We all associate a farmers market as a summertime activity, or perhaps in the Fall when many produce items ripen and are harvested. I would venture that most of us would not think of November as a time when one could wander down to select produce...or anything for that matter.

Au contraire, mon ami! (and yes, that is all the French I know). Although the last consecutive market day for the Montavilla Farmers Market was in October, one special market day was still to be had on the weekend before Thanksgiving. What better opportunity for fresh local produce for a holiday that celebrates the bountiful harvest?

One comment that was repeated often during the November market day was...BRRRRR!!! We woke to sunshine for the morning set-up, but the clouds rolled in and the temperature dropped as the day wore on, and there were a few snowflakes reported in the late afternoon. Nevertheless, the crowds came and the vendors sold their produce, in time for the Thanksgiving feasts.

The happy people at the market information tent.


...and fruit were in abundance. were smiling faces

The cold weather brought out not only the vendors and the customers, but our hearts were warmed by lovely music as well.

These are celery roots. I was told by Kathryn Yeomans, the Montavilla Market Chef that these are delicious. Stay tuned for the recipe. (remember another thing - I'm a writer and a photographer...not a cook or a foodie)

Bearing in mind that I am an urban-type of guy, I think of a carrot as being imagine my surprise at this rainbow collage of colorful carrots. (and yes, "rainbow carrots" are what these are called. Who would've thought?)

Even Kathryn our market demonstration chef was bundled for the weather, as she prepares for her demonstration of the day.

Thank goodness for the heat of the stove.

One new program the Market did this year is called "Everybody Eats". In order to improve access to healthy food for all people regardless of income, the Market made available $1,200 worth of tokens to 48 families who otherwise may not be able to have fresh local produce for Thanksgiving meals. The program was in partnership with St Vincent de Paul.

After all...isn't that what being thankful is all about? You can read more about the Montavilla Farmers Market and Everybody Eats at this link:

Monday, October 25, 2010

The Circle of Life...

First of all, the photos in this entry are not mine. They are taken by a friend when she was at the Oregon Coast some time ago. I normally don't post others' photographs, but these are particularly poignant and struck a chord with me, for a number of reasons that will become apparent. I also thought they are very good photographs. She gave me permission to show her photos, as well as sharing her thoughts that were included in an email to me.

"Unfortunately this seal is dying from sort of disease. It was posted to not touch sea lions or seals dying on the beach... I so... so wanted to put its head in my lap and tell it I was sorry he was dying ... I didn't know what to do... but I felt it so deep and it was dying without reason... I felt so helpless... but I guess in life ... in my own life I feel this too.. " (Joan)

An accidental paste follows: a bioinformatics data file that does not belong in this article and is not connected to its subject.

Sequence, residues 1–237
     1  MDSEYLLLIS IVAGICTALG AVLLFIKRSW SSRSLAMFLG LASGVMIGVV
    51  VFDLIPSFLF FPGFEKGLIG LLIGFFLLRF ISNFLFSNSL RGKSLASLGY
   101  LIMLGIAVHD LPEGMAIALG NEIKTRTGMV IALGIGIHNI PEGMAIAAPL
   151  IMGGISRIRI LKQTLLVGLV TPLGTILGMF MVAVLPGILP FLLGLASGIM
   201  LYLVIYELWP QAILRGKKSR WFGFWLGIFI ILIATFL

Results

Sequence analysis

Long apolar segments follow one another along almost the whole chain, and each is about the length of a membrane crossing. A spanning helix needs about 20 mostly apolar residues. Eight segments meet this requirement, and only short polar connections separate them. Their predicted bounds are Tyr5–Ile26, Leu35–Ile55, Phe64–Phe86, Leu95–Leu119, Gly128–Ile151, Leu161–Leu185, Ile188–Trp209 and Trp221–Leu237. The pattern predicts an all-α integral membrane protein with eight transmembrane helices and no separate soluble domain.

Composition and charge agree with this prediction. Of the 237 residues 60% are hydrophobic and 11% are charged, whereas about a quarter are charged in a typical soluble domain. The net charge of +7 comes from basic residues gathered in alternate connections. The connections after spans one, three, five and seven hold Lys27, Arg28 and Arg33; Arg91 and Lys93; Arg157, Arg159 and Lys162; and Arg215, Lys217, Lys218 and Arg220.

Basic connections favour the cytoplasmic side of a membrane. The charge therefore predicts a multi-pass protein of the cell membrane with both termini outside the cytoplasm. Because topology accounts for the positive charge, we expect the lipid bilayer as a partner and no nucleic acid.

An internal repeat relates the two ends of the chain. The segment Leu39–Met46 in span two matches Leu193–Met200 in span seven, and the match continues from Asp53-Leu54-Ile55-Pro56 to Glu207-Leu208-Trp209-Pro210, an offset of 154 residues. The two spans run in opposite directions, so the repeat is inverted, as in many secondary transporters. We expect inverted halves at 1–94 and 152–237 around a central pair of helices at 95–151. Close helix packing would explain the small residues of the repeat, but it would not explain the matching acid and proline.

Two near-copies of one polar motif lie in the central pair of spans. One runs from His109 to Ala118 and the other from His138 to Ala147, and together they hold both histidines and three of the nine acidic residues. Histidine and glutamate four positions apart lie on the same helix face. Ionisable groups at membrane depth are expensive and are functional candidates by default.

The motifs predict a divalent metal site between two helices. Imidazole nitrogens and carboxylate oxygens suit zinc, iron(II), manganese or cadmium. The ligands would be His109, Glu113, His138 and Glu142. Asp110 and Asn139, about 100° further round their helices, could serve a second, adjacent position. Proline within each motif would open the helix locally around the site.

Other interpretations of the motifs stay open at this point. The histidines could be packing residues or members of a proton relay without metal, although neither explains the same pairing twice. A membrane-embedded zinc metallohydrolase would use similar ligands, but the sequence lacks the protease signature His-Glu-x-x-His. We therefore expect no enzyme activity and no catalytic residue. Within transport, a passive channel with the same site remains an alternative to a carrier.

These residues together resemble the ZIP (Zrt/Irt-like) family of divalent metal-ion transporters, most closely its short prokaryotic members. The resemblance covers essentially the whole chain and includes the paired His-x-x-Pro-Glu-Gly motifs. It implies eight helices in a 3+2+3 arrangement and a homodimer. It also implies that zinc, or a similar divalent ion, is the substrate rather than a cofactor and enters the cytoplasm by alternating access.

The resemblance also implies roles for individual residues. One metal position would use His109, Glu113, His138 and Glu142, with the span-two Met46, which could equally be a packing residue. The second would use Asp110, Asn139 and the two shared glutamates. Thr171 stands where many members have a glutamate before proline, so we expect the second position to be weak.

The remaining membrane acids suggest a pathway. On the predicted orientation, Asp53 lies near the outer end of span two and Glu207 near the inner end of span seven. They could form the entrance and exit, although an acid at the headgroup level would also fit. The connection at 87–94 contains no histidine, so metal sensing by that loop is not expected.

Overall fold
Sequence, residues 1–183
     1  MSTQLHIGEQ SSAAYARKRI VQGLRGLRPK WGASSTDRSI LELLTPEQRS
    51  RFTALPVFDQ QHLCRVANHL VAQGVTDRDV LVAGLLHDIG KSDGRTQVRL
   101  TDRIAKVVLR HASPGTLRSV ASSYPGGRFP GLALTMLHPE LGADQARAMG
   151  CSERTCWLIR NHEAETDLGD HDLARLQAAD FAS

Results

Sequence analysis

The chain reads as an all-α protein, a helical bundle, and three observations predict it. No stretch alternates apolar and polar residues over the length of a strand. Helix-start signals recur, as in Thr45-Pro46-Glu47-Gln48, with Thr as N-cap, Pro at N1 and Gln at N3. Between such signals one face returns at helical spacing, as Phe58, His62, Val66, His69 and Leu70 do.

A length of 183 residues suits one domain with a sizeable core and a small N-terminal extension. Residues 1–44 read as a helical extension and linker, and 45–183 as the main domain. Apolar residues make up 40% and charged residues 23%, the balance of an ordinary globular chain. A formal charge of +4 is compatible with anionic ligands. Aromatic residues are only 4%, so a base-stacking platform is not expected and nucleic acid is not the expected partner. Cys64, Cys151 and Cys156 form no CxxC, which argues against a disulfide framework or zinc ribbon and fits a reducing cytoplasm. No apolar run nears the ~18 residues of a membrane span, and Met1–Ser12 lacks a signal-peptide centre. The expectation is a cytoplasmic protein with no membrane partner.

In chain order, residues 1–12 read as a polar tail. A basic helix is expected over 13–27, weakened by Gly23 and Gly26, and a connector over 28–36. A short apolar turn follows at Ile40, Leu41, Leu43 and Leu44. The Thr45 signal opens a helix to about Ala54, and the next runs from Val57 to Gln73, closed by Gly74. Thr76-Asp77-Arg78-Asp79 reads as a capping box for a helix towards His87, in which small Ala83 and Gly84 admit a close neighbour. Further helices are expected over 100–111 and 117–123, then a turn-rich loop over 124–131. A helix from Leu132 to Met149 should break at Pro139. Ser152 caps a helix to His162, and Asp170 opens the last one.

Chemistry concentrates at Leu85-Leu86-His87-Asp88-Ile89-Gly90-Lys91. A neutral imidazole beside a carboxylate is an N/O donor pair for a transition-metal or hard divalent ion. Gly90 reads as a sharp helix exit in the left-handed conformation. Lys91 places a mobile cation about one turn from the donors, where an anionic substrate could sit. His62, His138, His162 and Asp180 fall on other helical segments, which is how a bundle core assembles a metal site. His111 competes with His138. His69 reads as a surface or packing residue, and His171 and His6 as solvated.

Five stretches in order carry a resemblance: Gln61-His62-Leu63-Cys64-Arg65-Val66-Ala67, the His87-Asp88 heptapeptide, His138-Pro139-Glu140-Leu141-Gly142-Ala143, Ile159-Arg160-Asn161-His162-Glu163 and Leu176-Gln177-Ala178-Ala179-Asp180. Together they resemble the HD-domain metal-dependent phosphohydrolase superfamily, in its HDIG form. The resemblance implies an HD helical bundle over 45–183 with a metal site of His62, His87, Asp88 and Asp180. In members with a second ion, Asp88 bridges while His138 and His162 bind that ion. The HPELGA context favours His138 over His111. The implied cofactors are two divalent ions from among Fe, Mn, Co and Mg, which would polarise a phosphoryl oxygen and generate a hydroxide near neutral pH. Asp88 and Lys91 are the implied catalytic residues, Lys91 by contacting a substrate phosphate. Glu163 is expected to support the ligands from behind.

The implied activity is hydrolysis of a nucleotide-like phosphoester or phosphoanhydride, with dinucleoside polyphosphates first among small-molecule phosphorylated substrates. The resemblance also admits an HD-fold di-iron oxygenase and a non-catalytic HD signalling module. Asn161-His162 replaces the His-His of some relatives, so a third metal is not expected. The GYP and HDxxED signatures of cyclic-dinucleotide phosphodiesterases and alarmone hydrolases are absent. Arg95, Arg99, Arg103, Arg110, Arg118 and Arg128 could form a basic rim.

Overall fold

The word "poignant" means evoking a keen sense of sadness or regret. I think it is a particularly appropriate word, especially the "keenly felt" part when one witnesses the dying of another creature, as is the case here. Yet it is nature, with all of her harshness set in the midst of the beauty around...and also inescapable. Our bearing witness to it inevitably causes us to consider the world around us, and our place in it.

You see...what is especially poignant is that my friend Joan has cancer. I don't know her prognosis. Her particular type is rare and not much is known about it. However, what is striking to me is her attitude...wanting to comfort the seal in his final reassure him that he has meaning.


Perhaps that is what she is seeking? Isn't that what we all keenly desire?

Rain or Shine

A friend was recently surprised to hear that our local farmers market (The Montavilla Farmers Market) was still open, in windy and rainy October.

"What is left to harvest?" he said, and I have to admit I was surprised at what is still available. Notice that I use the present tense..."is". Now, I have to admit that the weather is markedly different in October than it was in August, for my last blog entry about the market banquet, as the following photos will attest. What you will also find, however, is that there is still much bounty to be found at the market.

During one of the many downpours one can experience an urban market phenomenon - the tent waterfall. It seems that the rain collects in the low points of the canopies, only to be coaxed over the edge into a cascade of water during a sudden gust of wind...and sometimes down the back of one's jacket. Not pleasant!

Fruit is still plentiful, such as this wide array of apples.

Fennel and lettuce...

...and baskets of vegetables, to numerous to name.

The photos above bear testimony to how much is still available...and as much as I love Brussels Sprouts, I never knew how tall those stalks can get.

Isn't it funny how kids are naturally attracted to water...and mud puddles?

Gretchen Jackson, the Market's manager takes a break to eat from Thai Mama's delicious of the few remaining eateries at the market. Yes, sadly the lemonade stand is gone, though remarkably the ice cream lady was still there! The caramel apples were amazing. Kitchen Dances and the Wild Wild West Barbecue are also still open.

Even the musicians held fast against the rain and wind, serenading the shoppers with song and twang. (I may be wrong, but I heard the guy on the right is backup guitarist for ZZ Top.)

Oh...and the day was not without a casualty. A gust of wind blew down a tent and buckled one of the legs. So the score at the end of the day was Weather: 1, Market: 0, though the real winners are those of us in the community who can still find fresh local produce, and the opportunity to hang with some pretty cool people.
Better hurry, though! Only open one more day in October, and then only open on the Sunday before Thanksgiving...and that's it for the season. (Stay tuned for the abbreviated version later)